Are You Offended?

Are You "Offended"?

Philip C. Strong 

It’s no secret, and therefore should come as no surprise, that people sometimes use words differently than the Bible does. “Offend” is just such a word. Many use “offend” to mean: “I disagree with you, therefore your statement “offends” me; I disapprove of your conduct, therefore it “offends” me;” or, “You hurt my feelings, therefore I am offended.” I didn’t consult a common dictionary, since they sometimes define a word by its common usage more than its true meaning. However, since this is intended to be a bible-based article, I did do some research into the biblical (NT) meaning and usage of the word “offend” and some of its derivatives….

When Paul urged the Corinthians NOT to “give no offense” (cf. 1 Corinthians10:32; 2 Corinthians 6:3), the word translated as such is asprokopos, which literally refers to a smooth road, or having nothing to strike against; as in not leaving or placing a stumbling block over which one would (spiritually) stumble and fall into sin. Thus, giving offense is, by specific actions or general mode of life, causing another to sin. But what about being offended?

The other NT word sometimes translated as “offend” (or “offence”) is the Greek term skandalizo (skan-dal-id-zo). Obviously, it bears resemblance to our word scandal, and shares somewhat in meaning also. Skandalizo appears 29 times, and carries the idea of either being caused to fall/sin, or causing another to fall/sin, by word, deed, or manner of life.

What does this mean to/for us? Primarily, that either when we offend or are ourselves offended, some word, action, or lifestyle has caused sin/apostasy to occur, e.g. Matthew 5:29-30; 13:21; 18:6, 8, 9; 26:31, 33; 1 Corinthians 8:13; 2 Corinthians 11:29. Thus, if we are to use “biblical words in biblical ways,” when we are or have been “offended,” another’s words or deeds have caused us to sin. Likewise, if we “offend,” we have, by our words or actions, caused someone else to sin. The biblical words do not, in contrast to common usage today, mean that someone got their feelings hurt, or simply disagrees, and therefore disapproves.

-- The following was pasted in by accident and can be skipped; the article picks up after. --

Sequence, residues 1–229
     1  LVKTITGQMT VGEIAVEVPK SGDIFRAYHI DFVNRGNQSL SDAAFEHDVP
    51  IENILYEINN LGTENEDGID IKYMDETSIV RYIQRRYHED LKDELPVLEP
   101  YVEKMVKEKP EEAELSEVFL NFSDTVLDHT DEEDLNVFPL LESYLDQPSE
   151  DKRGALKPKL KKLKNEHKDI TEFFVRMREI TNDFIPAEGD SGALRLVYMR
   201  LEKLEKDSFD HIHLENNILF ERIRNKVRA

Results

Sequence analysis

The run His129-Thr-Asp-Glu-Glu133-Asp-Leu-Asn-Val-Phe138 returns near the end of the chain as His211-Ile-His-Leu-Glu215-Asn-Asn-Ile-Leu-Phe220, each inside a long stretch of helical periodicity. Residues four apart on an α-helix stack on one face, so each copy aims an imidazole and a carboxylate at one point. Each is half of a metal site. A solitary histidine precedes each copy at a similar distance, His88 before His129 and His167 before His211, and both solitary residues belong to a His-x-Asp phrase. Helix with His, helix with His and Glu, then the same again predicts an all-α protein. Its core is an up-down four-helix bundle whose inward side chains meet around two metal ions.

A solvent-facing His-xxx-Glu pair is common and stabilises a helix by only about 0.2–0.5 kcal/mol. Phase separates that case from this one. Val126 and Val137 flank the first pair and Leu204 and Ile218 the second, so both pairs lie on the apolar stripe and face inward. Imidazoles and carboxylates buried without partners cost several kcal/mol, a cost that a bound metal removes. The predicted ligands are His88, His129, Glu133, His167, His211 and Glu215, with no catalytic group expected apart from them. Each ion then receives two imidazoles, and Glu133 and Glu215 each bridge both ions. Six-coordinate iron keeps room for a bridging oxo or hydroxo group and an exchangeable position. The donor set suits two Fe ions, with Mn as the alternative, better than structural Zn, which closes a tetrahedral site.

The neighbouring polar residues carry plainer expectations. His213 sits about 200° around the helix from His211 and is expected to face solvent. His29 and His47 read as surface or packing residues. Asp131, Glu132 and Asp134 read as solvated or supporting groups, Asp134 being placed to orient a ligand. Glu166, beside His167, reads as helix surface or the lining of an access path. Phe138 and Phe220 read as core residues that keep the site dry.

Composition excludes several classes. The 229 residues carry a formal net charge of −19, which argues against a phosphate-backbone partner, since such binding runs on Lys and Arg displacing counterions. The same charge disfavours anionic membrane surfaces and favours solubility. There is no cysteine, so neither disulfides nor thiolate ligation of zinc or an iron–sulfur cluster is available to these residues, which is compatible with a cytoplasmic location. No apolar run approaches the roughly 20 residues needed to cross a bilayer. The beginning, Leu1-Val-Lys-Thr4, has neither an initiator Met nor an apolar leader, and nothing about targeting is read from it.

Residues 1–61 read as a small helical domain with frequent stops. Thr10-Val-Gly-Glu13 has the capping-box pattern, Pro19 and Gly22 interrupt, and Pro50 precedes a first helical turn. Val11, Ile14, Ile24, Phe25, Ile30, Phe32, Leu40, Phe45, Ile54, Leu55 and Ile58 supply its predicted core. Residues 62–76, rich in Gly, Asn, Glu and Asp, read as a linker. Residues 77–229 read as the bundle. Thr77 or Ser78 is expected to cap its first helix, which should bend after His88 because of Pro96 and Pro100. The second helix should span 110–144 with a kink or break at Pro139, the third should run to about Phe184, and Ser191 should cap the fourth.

I’m NOT suggesting that a Christian cannot use the word “offend” to mean something other than what it means in Scripture. I AM suggesting that we should be more careful how and when we use the term. If someone says or does something that hurts your feelings, and you feel they should know as much, say so. Likewise, if you disapprove of what another has said or done, and feel they should know as much, say so. And, if you disagree with what another has said or done, and feel they should know as much, say so. But can we please stop being “offended” by everything? If we weren’t caused to stumble and/or led to sin, then we weren’t really “offended,” we probably just disagree, disapprove, or got our feelings hurt.

Since every effect has a cause(s) adequate to have produced it, why are we so easily offended these days? I’ll proffer a couple possibilities and you can decide their relative validity and worth: We use the word, even in a spiritual context, without really knowing what it means. Such is unwise and even dangerous, 1 Peter 4:11. We are too easily provoked and perhaps are even seeking to take into account wrongs suffered, both of which are contrary to living by divine love, cf. 1 Corinthians13:5. We’ve succumbed to a culture of “victimhood” that sees benefit in being offended in as many ways and as often as possible.

What should we do instead of the above? When speaking of being offended or offending in a spiritual context, use it correctly or utilize other more appropriate terms. If it didn’t lead someone to sin, they probably just got their feelings hurt. Toughen up! We live in a sinful world. If we spend all our time and energy being “appalled and offended” by every sin, we’re a lot less likely to see and utilize ways we can influence others for truth and righteousness, cf. Matthew 9:10-13. Stop playing the Christian “victim” card. It just makes you look weak, and remember that, “God has not given us a spirit of timidity, but of power and love and discipline,” 2 Timothy 1:7.